Autumn (... Nothing Personal) is a public sculpture by the artist Teresita Fernández on view August 27 through October 1, 2018. Commissioned by the Harvard University Committee on the Arts, the installation is both a physical site and a space for public dialogue and performance.
A public art
Aug 27 through
Oct 1, 2018
This project was made possible
with the support of the Johnson/
Kulukundis Family President’s Fund
for Arts at Harvard University.
Autumn (... Nothing Personal) references James Baldwin’s 1964 text “Nothing Personal,” published as a collaborative book with the photographer Richard Avedon at the height of the civil rights movement. Join us to read James Baldwin’s essay.
We are looking for volunteers to read the essay in public throughout the month of September, 2018. Sign up online to join a group reading or use the installation to read any time. Host your own reading, discussion group, meeting, or public action.
Visit Autumn (... Nothing Personal) throughout the month for ongoing events or host your own reading, discussion, or performance any time.
Every day, Autumn (... Nothing Personal) will host events with faculty, students, staff, and members of the Harvard and surrounding communities, including: the Aquinnah Wampanoag people; the Association of Black Harvard Women; the Committee on Ethnicity, Migration, Rights; the Harvard Human Rights Review; Jill Johnson and the Harvard Dance Center; William (Ned) Friedman, Director of the Arnold Arboretum; Expressions Dance Company; the Task Force on Asian and Pacific American Studies; Diana Oh and the American Repertory Theater (A.R.T.); Queer Kitchen; the Du Bois Orchestra at Harvard; Claire Chase; and many others.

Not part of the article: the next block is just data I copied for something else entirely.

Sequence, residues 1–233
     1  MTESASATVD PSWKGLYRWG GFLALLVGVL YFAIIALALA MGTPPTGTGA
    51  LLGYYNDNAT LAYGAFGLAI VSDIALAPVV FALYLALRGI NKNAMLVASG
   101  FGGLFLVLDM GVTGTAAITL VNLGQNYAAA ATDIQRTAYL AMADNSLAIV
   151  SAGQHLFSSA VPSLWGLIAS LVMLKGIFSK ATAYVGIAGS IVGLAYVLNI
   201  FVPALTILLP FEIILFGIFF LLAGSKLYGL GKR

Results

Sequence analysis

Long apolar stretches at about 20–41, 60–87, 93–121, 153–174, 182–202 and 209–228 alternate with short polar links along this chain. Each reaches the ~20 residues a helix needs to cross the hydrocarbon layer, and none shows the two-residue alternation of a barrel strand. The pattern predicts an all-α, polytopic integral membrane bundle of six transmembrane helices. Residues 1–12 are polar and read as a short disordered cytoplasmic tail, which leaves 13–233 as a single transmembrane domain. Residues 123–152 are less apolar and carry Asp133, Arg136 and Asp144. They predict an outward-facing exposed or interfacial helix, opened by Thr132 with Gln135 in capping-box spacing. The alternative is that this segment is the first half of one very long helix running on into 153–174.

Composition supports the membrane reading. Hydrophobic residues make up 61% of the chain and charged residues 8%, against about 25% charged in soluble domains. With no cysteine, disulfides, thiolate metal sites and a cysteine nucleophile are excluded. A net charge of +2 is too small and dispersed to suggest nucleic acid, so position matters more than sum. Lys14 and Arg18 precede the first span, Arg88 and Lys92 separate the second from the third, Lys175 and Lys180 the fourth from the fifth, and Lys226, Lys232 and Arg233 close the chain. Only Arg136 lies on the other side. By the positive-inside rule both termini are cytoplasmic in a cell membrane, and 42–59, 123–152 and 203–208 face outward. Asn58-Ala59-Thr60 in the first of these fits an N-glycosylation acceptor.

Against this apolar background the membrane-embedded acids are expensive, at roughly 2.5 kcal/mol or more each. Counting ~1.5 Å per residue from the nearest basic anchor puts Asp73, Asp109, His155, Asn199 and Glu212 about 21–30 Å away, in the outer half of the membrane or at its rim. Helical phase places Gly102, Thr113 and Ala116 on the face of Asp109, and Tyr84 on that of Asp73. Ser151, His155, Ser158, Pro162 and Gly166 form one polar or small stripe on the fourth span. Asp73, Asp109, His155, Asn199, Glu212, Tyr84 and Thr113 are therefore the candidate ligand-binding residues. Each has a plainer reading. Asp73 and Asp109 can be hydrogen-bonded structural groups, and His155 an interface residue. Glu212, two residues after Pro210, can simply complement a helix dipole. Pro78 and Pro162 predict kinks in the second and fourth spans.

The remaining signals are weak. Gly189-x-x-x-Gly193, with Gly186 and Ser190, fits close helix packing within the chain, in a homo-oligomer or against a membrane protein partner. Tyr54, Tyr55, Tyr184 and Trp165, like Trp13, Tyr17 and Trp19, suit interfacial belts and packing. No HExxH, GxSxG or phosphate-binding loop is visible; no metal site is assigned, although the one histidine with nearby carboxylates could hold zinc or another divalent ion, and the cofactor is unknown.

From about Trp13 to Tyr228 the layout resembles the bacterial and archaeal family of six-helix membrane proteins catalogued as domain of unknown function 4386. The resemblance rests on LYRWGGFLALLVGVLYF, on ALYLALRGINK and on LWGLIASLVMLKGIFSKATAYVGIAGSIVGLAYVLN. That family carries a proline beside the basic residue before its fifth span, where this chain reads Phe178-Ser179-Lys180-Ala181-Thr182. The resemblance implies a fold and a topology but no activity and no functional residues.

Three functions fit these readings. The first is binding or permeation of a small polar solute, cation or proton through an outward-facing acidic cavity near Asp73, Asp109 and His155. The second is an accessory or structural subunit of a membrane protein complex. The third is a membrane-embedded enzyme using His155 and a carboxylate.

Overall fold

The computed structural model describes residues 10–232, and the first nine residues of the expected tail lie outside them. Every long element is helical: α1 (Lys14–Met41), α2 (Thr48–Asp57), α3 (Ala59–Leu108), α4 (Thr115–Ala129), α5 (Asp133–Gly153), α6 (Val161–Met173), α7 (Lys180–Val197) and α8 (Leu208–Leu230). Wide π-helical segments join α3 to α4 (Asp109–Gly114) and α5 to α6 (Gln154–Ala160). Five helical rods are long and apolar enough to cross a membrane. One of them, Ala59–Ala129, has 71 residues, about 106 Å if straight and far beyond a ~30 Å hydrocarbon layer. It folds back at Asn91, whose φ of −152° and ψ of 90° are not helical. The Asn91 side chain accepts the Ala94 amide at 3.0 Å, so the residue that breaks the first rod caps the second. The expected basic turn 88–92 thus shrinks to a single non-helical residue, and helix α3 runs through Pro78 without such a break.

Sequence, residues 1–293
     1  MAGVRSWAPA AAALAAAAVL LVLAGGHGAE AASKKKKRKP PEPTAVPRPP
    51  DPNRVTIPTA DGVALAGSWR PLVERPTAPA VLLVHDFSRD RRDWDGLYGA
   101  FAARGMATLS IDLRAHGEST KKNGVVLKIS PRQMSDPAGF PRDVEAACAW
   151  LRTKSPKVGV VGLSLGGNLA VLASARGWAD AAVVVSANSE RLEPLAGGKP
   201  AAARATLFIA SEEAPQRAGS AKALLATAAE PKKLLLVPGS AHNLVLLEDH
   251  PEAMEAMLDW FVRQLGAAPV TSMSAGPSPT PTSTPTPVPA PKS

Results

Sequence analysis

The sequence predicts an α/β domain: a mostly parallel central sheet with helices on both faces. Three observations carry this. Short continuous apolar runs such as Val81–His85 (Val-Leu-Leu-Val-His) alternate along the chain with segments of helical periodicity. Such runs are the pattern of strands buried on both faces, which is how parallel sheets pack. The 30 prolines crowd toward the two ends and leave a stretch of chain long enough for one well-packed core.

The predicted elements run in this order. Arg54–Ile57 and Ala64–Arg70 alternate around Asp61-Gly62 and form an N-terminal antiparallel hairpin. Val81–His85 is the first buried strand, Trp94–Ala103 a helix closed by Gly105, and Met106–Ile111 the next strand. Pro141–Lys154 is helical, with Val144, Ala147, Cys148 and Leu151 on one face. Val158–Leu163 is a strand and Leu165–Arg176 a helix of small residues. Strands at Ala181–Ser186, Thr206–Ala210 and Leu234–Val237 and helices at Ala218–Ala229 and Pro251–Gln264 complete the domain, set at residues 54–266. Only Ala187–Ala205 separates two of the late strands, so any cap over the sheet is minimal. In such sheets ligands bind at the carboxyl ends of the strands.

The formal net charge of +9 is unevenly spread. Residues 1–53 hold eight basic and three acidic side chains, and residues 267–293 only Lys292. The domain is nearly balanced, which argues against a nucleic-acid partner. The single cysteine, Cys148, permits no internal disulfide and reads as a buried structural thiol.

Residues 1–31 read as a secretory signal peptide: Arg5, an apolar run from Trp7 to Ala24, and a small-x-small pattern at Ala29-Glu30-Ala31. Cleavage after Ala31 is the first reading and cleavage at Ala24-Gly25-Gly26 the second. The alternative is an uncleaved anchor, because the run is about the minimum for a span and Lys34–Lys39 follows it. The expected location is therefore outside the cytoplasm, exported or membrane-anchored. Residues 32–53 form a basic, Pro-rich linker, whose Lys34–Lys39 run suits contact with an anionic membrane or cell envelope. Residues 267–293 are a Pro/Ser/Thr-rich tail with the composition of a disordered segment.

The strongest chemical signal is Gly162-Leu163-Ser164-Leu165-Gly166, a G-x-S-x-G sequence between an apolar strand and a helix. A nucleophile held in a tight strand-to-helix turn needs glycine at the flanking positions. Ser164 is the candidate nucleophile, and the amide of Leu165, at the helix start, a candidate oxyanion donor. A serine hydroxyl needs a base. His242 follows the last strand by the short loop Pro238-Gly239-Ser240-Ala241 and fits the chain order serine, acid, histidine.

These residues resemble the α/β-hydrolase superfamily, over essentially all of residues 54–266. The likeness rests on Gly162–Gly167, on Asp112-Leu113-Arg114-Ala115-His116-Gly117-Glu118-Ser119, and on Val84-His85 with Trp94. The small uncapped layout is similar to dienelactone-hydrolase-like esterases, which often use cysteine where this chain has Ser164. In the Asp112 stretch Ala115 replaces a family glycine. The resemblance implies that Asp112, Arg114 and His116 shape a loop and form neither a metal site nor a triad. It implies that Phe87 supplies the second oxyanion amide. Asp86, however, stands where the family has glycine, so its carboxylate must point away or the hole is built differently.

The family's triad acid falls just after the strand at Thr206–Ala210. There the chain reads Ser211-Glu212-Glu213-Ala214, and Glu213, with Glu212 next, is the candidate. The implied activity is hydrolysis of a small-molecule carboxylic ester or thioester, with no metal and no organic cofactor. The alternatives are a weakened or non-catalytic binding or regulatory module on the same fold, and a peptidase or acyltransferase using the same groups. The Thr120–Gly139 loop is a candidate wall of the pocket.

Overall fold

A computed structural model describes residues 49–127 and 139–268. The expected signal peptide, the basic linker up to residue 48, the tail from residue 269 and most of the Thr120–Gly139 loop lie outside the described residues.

Follow us on Instagram for events and other updates: autumnnothingpersonal
Teresita Fernández is a contemporary American artist best known for her prominent public installations and experiential large-scale sculptures that evoke striking landscapes. Often inspired by natural wonders, Fernández frequently places importance in her choice of medium, employing gold, graphite, and other minerals that have complicated histories often tied to colonialism.
Appointed by President Barack Obama, Fernández was the first Latina to serve on the U.S. Commission of Fine Arts, a 100-year-old federal panel that advises the president and Congress on national matters of design and aesthetics. She is a 2005 MacArthur Foundation Fellow and the recipient of numerous awards including a Guggenheim Fellowship, an NEA Artist's Grant, and a Louis Comfort Tiffany Biennial Award. Fernández’s works have been exhibited both nationally and internationally at MASS MoCA, North Adams, MA; Museum of Modern Art, New York; San Francisco Museum of Modern Art; Museum of Fine Arts, Boston; and the Smithsonian Museum of American Art, Washington, D.C. Fernández received a BFA from Florida International University, Miami, in 1990 and an MFA from Virginia Commonwealth University, Richmond, in 1992. She lives and works in Brooklyn, NY.
Currently on view at the Harvard Art Museums is Fernández’s ink and pencil drawing Small American Fires (2016), a recent addition to the museums’ modern and contemporary galleries. The twelve-part drawing evokes the landscape of a natural wildfire while alluding to ideas of protest, politics, and change.
Autumn (... Nothing Personal)
Photo: Jon Chase,
Harvard Staff Photographer